Sport & Auto
- About Future
- Digital Future
- Cookies Policy
- Terms & Conditions
- Investor Relations
- Contact Future
Take a gander at a wealth of Italian machines from the halls of Eurobike
BMC shows off design and manufacturing capability with project bike
Tejay van Garderen's BMC, Alex Howes' Cervelo, and more
Custom front end for fast and flowy handling
Scot excited about competing in London Games
David Millar said he was "excited" by the prospect of competing at the London Olympics following this morning's confirmation that he has been selected for the five-man team for the road race. "I think it's going to be an amazing race and it's going to be quite a spectacle," said Millar before the start of stage four of the Tour de France.
Millar was sidelined from the past two Olympics having received a lifetime ban from the British Olympic Association as a result of his 2004 ban for doping. Following the World Anti-Doping Agency's successful challenge of this ban, Millar was selected for Great Britain's initial eight-man road cycling team last month.
"It means a lot, it's a lot different for me than for a lot of other competitors," said Millar. "It was an event I wrote off many years ago. I've already missed two. The first of those I was in a drunken haze, as far away from the world of sport as humanly possible. But when Beijing came around it was pretty hard to avoid the realisation of how hard it was not being there."
Millar admitted he had mixed emotions when WADA announced their decision to challenge the BOA's imposition of lifetime bans for those guilty of doping offences. "It threw me into turmoil a bit. I've put a lot of thought into this, I've been very rational about it. I've spoken to a lot of people and I feel that I've almost got a duty to go now," said the Garmin-Sharp rider.
"I think I made the right decision to put myself up and I'm very proud that the team has seen fit that I won't be a hindrance and I can be a positive influence. I want to help. I also want to help Mark [Cavendish] win the gold medal."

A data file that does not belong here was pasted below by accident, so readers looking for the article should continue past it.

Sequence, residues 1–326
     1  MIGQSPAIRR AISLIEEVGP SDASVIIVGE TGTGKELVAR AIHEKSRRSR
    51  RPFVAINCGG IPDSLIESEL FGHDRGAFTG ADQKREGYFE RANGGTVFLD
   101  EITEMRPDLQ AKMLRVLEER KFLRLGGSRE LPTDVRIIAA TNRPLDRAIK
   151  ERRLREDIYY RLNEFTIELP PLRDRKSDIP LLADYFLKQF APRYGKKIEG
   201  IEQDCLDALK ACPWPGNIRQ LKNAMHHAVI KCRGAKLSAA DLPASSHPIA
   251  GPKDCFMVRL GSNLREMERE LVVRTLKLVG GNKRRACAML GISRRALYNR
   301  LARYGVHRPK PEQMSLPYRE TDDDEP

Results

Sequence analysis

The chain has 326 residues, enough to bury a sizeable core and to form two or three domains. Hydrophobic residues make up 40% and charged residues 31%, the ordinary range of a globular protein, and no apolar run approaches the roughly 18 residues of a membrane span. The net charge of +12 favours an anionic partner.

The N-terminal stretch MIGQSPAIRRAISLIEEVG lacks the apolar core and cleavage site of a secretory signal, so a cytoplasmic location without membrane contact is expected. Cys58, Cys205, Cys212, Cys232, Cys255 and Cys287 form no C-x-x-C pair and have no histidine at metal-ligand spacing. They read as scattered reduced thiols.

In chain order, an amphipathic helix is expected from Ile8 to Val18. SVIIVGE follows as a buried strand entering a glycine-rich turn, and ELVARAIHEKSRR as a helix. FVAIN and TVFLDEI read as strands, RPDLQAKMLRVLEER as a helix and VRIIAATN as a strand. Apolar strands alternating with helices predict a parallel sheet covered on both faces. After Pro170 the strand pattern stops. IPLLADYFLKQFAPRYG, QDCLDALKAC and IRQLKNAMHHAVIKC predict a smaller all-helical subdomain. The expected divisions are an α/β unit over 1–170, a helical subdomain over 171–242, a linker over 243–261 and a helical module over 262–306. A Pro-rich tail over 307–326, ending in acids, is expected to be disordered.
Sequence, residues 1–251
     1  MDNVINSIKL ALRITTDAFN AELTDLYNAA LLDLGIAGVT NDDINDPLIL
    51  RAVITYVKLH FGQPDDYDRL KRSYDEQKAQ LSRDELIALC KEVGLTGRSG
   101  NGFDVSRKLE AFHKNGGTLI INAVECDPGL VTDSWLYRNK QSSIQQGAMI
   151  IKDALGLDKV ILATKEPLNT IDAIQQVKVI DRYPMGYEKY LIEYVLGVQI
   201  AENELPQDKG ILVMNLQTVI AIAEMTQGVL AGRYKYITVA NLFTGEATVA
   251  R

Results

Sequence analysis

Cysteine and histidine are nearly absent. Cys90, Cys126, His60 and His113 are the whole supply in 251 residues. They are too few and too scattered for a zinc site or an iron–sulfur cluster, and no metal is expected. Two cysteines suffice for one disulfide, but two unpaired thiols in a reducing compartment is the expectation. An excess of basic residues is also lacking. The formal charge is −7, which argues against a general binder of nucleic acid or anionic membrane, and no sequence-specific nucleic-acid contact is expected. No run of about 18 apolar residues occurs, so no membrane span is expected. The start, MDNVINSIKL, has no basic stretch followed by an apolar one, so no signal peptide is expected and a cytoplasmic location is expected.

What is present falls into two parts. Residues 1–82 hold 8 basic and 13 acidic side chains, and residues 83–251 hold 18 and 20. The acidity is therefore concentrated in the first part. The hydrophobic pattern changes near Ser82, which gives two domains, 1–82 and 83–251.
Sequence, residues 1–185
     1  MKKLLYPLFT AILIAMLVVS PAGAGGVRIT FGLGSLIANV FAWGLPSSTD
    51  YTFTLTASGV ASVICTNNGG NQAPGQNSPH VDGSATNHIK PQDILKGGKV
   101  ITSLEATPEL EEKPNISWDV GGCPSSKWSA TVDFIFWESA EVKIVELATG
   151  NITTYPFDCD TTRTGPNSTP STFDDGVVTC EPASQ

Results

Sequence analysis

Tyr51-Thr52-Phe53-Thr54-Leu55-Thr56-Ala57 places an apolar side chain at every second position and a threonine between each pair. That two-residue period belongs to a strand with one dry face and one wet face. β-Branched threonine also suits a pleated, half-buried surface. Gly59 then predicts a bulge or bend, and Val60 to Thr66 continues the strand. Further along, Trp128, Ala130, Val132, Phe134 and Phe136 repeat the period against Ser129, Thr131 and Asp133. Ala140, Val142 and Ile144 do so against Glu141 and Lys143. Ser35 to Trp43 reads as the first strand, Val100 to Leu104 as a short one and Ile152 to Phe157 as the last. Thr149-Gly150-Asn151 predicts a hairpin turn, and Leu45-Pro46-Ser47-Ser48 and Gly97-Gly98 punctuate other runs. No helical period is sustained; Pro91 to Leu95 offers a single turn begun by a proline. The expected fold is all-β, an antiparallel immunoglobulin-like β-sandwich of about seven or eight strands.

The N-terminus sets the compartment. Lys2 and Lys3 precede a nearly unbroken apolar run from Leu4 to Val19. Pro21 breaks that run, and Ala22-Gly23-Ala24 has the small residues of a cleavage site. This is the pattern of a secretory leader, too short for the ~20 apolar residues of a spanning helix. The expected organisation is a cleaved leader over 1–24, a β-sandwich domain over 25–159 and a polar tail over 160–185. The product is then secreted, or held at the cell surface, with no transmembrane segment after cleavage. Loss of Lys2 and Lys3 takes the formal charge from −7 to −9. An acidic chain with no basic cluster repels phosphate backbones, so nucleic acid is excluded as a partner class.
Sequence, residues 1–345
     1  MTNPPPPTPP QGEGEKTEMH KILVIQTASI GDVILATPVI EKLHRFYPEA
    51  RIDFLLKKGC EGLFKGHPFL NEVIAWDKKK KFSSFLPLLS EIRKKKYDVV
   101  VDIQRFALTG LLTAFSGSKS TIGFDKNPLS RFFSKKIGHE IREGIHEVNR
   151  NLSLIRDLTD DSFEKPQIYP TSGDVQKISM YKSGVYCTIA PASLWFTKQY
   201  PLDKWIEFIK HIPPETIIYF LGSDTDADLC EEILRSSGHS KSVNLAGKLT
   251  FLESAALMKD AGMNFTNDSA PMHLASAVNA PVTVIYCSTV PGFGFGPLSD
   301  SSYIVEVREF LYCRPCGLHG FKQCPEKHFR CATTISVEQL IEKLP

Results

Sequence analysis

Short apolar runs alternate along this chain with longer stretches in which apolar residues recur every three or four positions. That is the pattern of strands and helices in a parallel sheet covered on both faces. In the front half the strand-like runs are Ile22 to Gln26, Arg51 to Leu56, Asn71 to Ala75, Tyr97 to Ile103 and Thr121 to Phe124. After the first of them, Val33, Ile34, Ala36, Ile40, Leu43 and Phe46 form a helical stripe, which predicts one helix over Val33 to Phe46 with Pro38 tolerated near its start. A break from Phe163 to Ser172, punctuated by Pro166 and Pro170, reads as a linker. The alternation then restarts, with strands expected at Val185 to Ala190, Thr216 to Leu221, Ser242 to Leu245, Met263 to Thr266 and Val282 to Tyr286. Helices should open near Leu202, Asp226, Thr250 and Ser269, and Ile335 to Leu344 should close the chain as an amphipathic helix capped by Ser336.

Asked about how he thinks he might be viewed in the run-up and during the Games, Millar replied: "I have been concerned about wanting to be a help rather than a hindrance going into the Games. The road race is one of the first events of the Games and it features one of Britain's biggest sportsmen going for the gold medal, so I think there was a risk that I might become a negative story in the build-up. All of a sudden it could be about ‘Millar the drug cheat'. I'd liked to think that the tide has turned and that people are starting to understand my full story and my reasons for going, and I'm hoping that will calm that negative turmoil."
Millar will be Team GB's captain on the road at the Olympics and said the challenge of winning the gold medal is daunting. "It's not like the Worlds in Copenhagen where we had a team of nine, it was a flat course and we could rely on Cav's undoubted genius. This one's going to be tactical and incredibly physical. I think it's going to be the hardest thing we ever do as a team, that's for sure.
"I'll sit down with Rod [Ellingworth] beforehand and we'll have to go through numerous scenarios. Then I'll have to speak to other team captains. Cycling's a strange one because we have to form alliances. We'll have to look at the other team selections and see who will be relying on similar tactics to us and then it will be up to me probably to then go and speak to those teams and come to a gentleman's agreement, saying ‘Look, we both want it to end in a sprint. Let's come to an agreement.' Then there are going to be other teams who are going to make it their mission to stop us from getting there. It's a bit mission impossible, but I think Cav's shown in the past that that is his specialty."
Millar paid tribute to the support he has been given by Cavendish, who pushed for the Scot's selection for the Olympics. "Cav's Cav – he's a gentleman. In spite of his rather chaotic personality, underneath it all he's a really decent guy and he never really hid his emotions or beliefs. He believed that I deserved to go and I think that went beyond his need for me. I think he believed that I actually had the right to do it. He wasn't scared to say what he thought, and I think I owe it to him to pay that back in one way or another."
Is there an alternative strategy if Cavendish's chances of success don't pan out, Millar was asked. "No, Mark is our Plan A, Plan B, Plan C…"